This is the second book by Silvia Moreno-Garcia that I’ve read (the first was Mexican Gothic) and so I feel comfortable saying that she has a knack for taking a familiar style of tale and adding her own flavour to it. In particular, a knack for telling a story from a Mexican perspective as both novels were set in Mexico and use its lush and colourful setting to full effect.
In full disclosure, I haven’t read the original tale of Dr. Moreau so I can’t compare this to that. Here we have Dr. Moreau, living in a remote region of the Yucatan Peninsula. The background to this 19th century setting is the growing unrest amongst the Indigenous labourers, who have begun to rebel against their Spanish colonizers. Carlota Moreau has lived her whole life in this isolation. She loves her home and adores her father. Mongtomery Laughton arrives when she is in her late teens as a new mayordomo. He is an alcoholic Englishman running from his own past who is happy to turn a blind eye to the strangeness of Moreau’s scientific explorations.
Moreau is a French doctor who, hidden in the jungle, is creating hybrid creatures never before imagined. His work is funded by Lizalde, a wealthy man eager for a new workforce he can control. But when Lizalde’s son, Eduardo, shows up unexpectedly, the tensions that are brewing come bubbling to the surface. Carlota has never questioned her father before but she is about to learn a lot more than she ever could have imagined.
Moreno-Garcia does setting so well. The house, the gardens, the jungle, the heat – I could picture them all. That said, the hybrid themselves felt a little lacking. I had trouble envisioning them in my head. There are supposed to be many different kinds with differing abilities but I struggled to really comprehend how they might all look and act differently.
The other major drawback I found was a similar one to when I read Mexican Gothic. Which was that the major “twist” of the novel was something I saw coming pages and pages before. And I don’t generally consider myself to be the type of reader who spots these things. Maybe Moreno-Garcia doesn’t really intend for these to be surprises to her readers but the characters themselves sure seemed shocked by something I thought was pretty obvious.
It might sound like I didn’t enjoy the book but I really did. I thought the setting and particularly the political and cultural background provided by the Yucatan at the time really added a lot to a story that will probably be familiar to many readers. Carlota is naive but overall a likeable character and Moreno-Garcia gives both her and Laughton plausible characteristics and backgrounds to explain the choices they make.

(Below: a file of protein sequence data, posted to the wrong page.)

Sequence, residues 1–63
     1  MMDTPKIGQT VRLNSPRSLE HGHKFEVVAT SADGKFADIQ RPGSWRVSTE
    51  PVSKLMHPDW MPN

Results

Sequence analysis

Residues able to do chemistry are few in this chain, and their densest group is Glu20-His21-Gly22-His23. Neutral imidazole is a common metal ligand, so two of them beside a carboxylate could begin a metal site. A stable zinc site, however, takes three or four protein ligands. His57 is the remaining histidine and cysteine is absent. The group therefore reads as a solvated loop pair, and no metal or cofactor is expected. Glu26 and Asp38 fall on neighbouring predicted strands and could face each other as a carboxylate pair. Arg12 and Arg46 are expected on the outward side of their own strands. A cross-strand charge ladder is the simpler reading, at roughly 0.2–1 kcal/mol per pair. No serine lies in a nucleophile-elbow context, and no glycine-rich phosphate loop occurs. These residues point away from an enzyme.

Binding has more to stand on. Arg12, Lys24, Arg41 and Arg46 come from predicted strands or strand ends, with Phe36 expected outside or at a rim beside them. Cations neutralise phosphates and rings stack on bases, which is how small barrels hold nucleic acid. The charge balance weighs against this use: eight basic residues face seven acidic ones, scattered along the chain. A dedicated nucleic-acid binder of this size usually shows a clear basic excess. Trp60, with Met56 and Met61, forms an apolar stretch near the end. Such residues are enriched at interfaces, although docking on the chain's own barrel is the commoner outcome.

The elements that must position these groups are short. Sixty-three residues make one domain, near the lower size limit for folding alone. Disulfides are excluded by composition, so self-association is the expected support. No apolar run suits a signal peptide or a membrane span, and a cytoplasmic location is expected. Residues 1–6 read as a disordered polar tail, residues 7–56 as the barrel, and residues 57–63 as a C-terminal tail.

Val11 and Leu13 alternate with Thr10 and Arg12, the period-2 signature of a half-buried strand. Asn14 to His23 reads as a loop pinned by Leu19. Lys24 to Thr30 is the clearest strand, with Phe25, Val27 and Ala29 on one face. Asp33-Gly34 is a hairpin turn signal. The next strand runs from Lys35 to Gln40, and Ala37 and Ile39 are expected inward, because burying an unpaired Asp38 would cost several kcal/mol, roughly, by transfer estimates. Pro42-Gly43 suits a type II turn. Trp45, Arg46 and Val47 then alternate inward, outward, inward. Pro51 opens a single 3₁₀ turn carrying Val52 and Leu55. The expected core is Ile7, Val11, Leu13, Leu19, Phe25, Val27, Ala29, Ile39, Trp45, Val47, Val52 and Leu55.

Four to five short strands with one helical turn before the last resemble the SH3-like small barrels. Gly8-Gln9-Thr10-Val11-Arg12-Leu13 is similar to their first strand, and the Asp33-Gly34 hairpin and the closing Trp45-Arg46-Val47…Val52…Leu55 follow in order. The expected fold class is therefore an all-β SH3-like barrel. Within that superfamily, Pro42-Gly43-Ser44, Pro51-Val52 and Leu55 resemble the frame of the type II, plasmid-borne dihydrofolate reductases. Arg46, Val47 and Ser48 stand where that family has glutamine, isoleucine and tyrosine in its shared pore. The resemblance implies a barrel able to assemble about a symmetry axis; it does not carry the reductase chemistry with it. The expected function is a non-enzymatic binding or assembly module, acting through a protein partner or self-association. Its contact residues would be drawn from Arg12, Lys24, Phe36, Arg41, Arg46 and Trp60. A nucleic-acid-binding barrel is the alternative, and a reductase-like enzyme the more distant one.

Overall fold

9 thoughts on “Book Review: The Daughter of Doctor Moreau by Silvia Moreno-Garcia”
Interesting! The hybrids in the original still live in my nightmares so they must have been pretty well depicted! I’m tempted to give this a try. I usually avoid follow-on novels, but it sounds as if this has moved far enough away from the original to count as new story…
The hybrids here aren’t scary at all. I think this really is quite a different story, just with the jumping off point of that connection. I should read the original…it would be interesting to compare them.
This sounds interesting! I’ve never read the original but I have read a couple of books that reference it pretty clearly, so I still have an idea of what the hybrids were like. The setting and detail might be enough to convince me to try this, though it does irritate me when I can see a plot twist coming a mile away.
It’s one of those stories that’s familiar enough to reference, even if you haven’t read it, which helps a lot here. I did find it kind of annoying that the characters were so shocked about this revelation that seemed really obvious to me but there was enough to enjoy that it didn’t ruin the book for me.
I’ve been really curious about this book, and glad you enjoyed it. So far I’ve only read Mexican Gothic (and really liked it) but I have no doubt I’d like her other stuff too – she’s a great storyteller, you are so right about that.
I’d really like to read some of her early work – I’ve had Gods of Jade and Shadow on my TBR for a while.
I read Mexican Gothic and felt like it was two books. The first part was pretty ho-hum, but then once we got to the twist, it was downright claustrophobic to me! I will say, though I’ve only read one Moreno Garcia book, I applaud her ability to write in whatever genre! Ever notice that? She never picks the same genre, though they all feel a bit YA in age range to me, even if they are not described as YA or have a teen character.
Someone pointed that out about her work (maybe you?) and I definitely see it. She’s very genre-fluid which is unusual and pretty cool. I could see how her writing has a YA flavour. The characters are pretty straightforwardly good or bad. There’s not a lot of ambiguity in either her plots or characterization.
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